Declaring the risks of contracting permanent or deadly lung disease “serious,” the CDC recently finalized a warning to employers and workers in the coffee, popcorn and other food and beverage businesses: Beware of diacetyl.
NIOSH found that a relationship exists between diacetyl exposures and lower pulmonary function. Utilizing this analysis, NIOSH recommends keeping exposure to diacetyl below a concentration of 5 parts per billion as a time-weighted average during a 40-hour work week. To further protect against effects of short-term exposures, NIOSH recommends a short-term exposure limit for diacetyl of 25 parts per billion for a 15-minute time period.
In many operations, 2,3-pentanedione is being used to substitute for diacetyl. Published toxicological studies indicate that 2,3-pentanedione exposure can cause damage similar to that caused by diacetyl in laboratory studies. NIOSH recommends keeping occupational exposure to 2,3-pentanedione below a level comparable to the level recommended for diacetyl. However, the recommended sampling and analytical method can only reliably quantify it to 9.3 parts per billion in an 8-hour sample. NIOSH also recommends a short-term exposure limit for 2,3-pentanedione of 31 parts per billion during a 15-minute period
“Employers need to understand what steps can be taken to protect the health of their workers,” said Christina Spring, spokeswoman for NIOSH, the research arm of the U.S. Centers for Disease Control and Prevention.
NIOSH couldn’t say how many workers might be exposed to diacetyl nationwide, but numbers from the U.S. Bureau of Labor Statistics show as many as 600,000 people work in the coffee industry.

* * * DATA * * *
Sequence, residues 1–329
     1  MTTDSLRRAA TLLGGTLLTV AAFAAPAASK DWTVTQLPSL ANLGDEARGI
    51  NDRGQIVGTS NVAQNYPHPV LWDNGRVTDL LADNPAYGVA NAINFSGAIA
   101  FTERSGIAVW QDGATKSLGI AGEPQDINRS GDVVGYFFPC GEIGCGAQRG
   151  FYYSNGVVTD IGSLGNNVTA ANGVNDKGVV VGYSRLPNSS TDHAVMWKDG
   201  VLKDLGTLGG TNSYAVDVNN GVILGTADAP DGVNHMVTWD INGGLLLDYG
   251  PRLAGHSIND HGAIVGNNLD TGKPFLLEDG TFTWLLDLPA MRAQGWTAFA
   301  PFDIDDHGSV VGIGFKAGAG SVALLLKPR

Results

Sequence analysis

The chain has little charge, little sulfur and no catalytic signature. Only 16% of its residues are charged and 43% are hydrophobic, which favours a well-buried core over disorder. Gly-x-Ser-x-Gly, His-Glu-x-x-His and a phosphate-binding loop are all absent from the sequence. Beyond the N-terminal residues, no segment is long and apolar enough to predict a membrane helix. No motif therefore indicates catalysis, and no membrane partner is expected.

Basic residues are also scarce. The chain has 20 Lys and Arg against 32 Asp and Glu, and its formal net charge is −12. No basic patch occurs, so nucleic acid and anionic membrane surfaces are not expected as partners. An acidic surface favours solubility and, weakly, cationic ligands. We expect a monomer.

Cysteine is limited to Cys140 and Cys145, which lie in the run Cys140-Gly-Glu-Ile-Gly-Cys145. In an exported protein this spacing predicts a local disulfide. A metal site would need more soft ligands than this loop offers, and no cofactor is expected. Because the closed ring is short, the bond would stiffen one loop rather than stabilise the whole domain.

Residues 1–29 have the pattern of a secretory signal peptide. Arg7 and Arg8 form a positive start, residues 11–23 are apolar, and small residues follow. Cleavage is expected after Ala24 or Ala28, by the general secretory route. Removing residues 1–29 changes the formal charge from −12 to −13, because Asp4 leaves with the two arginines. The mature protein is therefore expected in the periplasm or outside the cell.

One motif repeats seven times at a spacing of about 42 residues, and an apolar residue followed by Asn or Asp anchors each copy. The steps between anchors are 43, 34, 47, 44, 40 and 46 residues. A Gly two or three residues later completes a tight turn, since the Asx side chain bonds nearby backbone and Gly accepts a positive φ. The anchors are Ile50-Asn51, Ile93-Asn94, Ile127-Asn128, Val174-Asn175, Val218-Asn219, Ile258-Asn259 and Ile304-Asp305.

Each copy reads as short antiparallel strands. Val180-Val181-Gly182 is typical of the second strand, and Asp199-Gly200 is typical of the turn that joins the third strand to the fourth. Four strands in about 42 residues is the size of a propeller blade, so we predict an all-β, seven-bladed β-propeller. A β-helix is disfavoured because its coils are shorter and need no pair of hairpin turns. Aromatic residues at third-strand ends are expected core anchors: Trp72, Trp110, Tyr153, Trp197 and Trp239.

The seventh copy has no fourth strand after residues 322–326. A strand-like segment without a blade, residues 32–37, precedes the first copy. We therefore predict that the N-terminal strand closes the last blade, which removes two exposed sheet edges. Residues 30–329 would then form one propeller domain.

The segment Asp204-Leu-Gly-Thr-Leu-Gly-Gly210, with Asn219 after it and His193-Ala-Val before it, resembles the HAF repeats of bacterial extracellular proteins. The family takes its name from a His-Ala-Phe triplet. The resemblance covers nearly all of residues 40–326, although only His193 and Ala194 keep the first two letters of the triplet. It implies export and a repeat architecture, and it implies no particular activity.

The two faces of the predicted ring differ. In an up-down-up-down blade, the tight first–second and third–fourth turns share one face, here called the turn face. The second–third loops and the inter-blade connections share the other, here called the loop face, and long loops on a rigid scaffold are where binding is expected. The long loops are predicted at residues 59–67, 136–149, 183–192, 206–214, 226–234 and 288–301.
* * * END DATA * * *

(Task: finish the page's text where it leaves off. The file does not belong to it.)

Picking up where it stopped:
Diacetyl occurs naturally in coffee roasting and is released in higher concentrations when the beans are ground or storage bins are opened. It’s also produced synthetically and added to all kinds of foods and drinks to impart a buttery, creamy flavor.
The FDA has deemed diacetyl safe to consume in trace amounts, but inhaling it has proven deadly.
Diacetyl attacks and inflames the lung’s smallest airways, leading to scar tissue build-up that blocks airflow. The damage is permanent. Exposure can also cause eye and skin irritation and other respiratory illness.
In the early and mid-2000s, scientists linked diacetyl to several deaths and hundreds of injuries to workers in microwave popcorn factories in Missouri, California, Illinois and elsewhere. Dozens of public health experts at the time petitioned OSHA to step in and issue regulations, noting “compelling epidemiologic and toxicological evidence linking exposure to diacetyl to severe respiratory impairment and disease.”
Diacetyl and its substitute, 2,3-pentanedione, are widely used flavoring compounds. There have been extensive reports of serious respiratory disease and decreased lung function in employees exposed to diacetyl.
NIOSH’s objective in establishing recommended exposure limits (RELs) for diacetyl and 2,3-pentanedione is to reduce the risk of respiratory impairment (decreased lung function) and the severe irreversible lung disease obliterative bronchiolitis associated with occupational exposure to these compounds.
Plus, maintaining exposures below the RELs will help prevent other adverse health effects including but not limited to irritation of the skin, eyes, and respiratory tract in exposed employees.
The recommendation to limit exposure to diacetyl and 2,3-pentanedi-one is based upon data from human and animal studies and the quantitative risk assessment; however, additional considerations include sampling and analytical feasibility and the achievability of engineering controls.